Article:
Sunday, June 13, 2021

Extra post - regular daily post is below this one.

 How to write in a book.

Janna needs to write in a book and wondered how to do it without penciling in guide lines.

Before I show the steps I use, I'm going to add my thoughts on how to warn the client that it is nerve wracking to write in books and prepare them for what will happen if there is a mistake. I explain these things:

1. Many calligraphers refuse to take on these kinds of jobs because they do not like the stress.

2. I only do them if the client understands that we will have to agree on a backup plan if there is any unforeseen issue.

3. If there is an accident -- even if it is my mistake - I will not replace the book. I will cover it up creatively and beautifully.

There are many ways to cover up mistakes. 

If the paper is awful, I propose that I write on a friendly paper and then adhere it to the page - as one would do with a book plate. Clients often like the look of a bookplate. You can layer a decorative paper to make a border.

If I end up writing in the book, I always do the job when I am home alone. I get all the preliminary work done the day before. I turn off the phone. I do not do it when I am tired. I write the words a couple times on practice paper. And then I write in the book. I do not like to do the preliminary work and then do the writing the same day - because they are two different kinds of brain work. I like to do the lettering when I have a clear head. It is possible to do it with people in the house, but you have to tell them to be very quiet and not make any loud noises that might startle you. 

Depending on the client and the size of the job - sometimes I tell them that I will just do it for free. They always argue - but if I am not in the mood to feel the stress - sometimes, I insist on doing it for free - and that relieves the stress entirely. I never had more than one write-in-a-book job per year. So, it is hard to feel really skilled at something that you hardly ever do. But, it is nice to help people who just want something pretty. I often showed them samples of really pretty lettering using Pigma Microns. They were usually thrilled -- and there wasn't any need to use pen and ink. 

The yellow paper is going to be a mat around the area to be lettered upon.
The mat should be slightly larger than the actual page.

This shows the page turned.
It also shows that the mat needs to be taped with Post-It tape 
so that it will not shift when you do the lettering.

There are marks to show the edge of the page on which the lettering will be done.

Pencil the perimeter of the page.
Pencil the wording, including the base lines.
Photo 7 shows darker baselines.
I darkened them just for the photos - so you would know they were there.

Pencil a rectangle which will become an opening to accommodate the words to be written.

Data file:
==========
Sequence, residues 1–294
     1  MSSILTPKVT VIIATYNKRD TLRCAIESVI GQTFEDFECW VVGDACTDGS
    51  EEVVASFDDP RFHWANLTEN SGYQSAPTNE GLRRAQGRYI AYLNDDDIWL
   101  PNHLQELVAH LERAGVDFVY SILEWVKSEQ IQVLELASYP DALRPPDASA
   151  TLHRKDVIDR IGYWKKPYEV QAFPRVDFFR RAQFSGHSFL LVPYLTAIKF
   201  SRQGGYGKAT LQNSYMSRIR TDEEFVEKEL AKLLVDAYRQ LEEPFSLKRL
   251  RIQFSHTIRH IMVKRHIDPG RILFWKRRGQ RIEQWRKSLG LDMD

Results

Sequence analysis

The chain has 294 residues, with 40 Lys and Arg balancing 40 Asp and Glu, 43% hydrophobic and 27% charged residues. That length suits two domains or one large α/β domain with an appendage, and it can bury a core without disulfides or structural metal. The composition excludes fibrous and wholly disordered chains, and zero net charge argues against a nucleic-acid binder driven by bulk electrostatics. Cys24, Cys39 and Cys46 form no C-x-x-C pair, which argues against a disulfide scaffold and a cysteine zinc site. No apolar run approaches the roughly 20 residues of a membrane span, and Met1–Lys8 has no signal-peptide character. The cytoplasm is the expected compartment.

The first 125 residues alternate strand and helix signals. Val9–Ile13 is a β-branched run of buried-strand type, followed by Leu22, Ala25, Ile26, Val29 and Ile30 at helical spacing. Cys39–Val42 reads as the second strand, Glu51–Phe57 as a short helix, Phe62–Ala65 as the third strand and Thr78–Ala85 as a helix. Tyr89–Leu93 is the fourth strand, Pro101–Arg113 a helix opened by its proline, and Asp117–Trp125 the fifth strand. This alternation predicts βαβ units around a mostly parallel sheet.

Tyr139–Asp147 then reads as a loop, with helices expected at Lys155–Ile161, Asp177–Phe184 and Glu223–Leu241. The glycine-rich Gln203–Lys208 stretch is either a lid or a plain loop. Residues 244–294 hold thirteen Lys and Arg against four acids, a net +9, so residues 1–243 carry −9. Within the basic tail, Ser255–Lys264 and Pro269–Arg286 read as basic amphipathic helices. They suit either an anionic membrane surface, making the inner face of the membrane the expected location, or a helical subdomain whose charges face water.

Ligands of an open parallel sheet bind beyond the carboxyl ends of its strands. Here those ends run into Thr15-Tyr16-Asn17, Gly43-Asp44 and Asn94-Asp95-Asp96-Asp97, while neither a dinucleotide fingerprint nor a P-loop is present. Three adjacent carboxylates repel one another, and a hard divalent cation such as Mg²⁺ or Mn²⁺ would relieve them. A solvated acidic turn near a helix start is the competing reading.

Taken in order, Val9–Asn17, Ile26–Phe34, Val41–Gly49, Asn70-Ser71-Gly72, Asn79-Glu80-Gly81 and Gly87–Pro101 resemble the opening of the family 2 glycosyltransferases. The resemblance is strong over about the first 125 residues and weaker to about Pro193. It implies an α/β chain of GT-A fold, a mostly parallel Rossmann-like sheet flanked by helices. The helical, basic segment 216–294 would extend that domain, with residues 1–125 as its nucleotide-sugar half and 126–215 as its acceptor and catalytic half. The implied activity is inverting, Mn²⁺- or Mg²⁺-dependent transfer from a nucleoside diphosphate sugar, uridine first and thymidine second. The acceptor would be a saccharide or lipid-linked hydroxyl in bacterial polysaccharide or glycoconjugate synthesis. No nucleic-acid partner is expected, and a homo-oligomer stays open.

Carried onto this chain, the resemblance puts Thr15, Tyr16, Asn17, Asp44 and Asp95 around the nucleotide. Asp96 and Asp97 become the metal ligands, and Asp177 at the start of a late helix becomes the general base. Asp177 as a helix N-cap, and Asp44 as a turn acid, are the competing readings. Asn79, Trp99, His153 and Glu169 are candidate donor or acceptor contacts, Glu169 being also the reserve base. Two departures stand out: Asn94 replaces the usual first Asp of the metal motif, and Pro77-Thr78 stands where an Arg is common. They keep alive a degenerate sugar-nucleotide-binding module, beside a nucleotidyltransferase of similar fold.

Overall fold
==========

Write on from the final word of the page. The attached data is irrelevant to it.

The X is to show where you will cut.
You will not cut the opening in the mat because a cut edge is not smooth 
and it can grab your hand 
while you are lettering.

Using an Xacto knife - cut the X.
I am compulsive, so I use a bone folder to score the folds.

This shows the top triangle folded up.
If you want, you may fold all four triangle flaps towards the front.
You will then fold them to the back as shown in the next photo.

Notice the base lines along the left and right edge.

You need to crease those folds so that they are very flat.
A lighter weight paper is best for the mat
so that there is no bulk and nothing that will grab your hand.

The green paper needs a fold, so it is smooth and not *grabby*

The green paper is used as your guide - instead of penciled lines.

You do not need to letter the descenders as you letter the lines.
Just leave them off - and add them after you have completed the line.
Be on the lookout for any ascenders and descenders that will overlap.
Resolve that issue on your preliminaries.

Hold the guard sheet (guide) in place with Post-It tape.
Post-It tape is one of my favorite tools. 
If you do not have any, you can use other kinds of tape.
Masking tape works. Press it on your clothes a couple times to make it less sticky.

IMHO, an essential part of writing in a book is creating a larger surface that is flat so that you are not trying to write off the edge of the book.
This photo shows a stack of paper and a tablet on top - to show that I kept adding things 
until it was the right height.
I like to use books rather than stacks of paper - and try to find a book that is the same depth. 
You do not want things that might slip and slide

Close up of the built up area at the bottom.
Sometimes I build up the area to the right as well.
I do that if the writing is going to go over - closer to right side of the page.
That happens when you are writing on family tree pages.
You do not want your hand to fall off the edge on the right.

This was hard to shoot by myself, but shows how I like to have a level surface under my arm.

Good luck --

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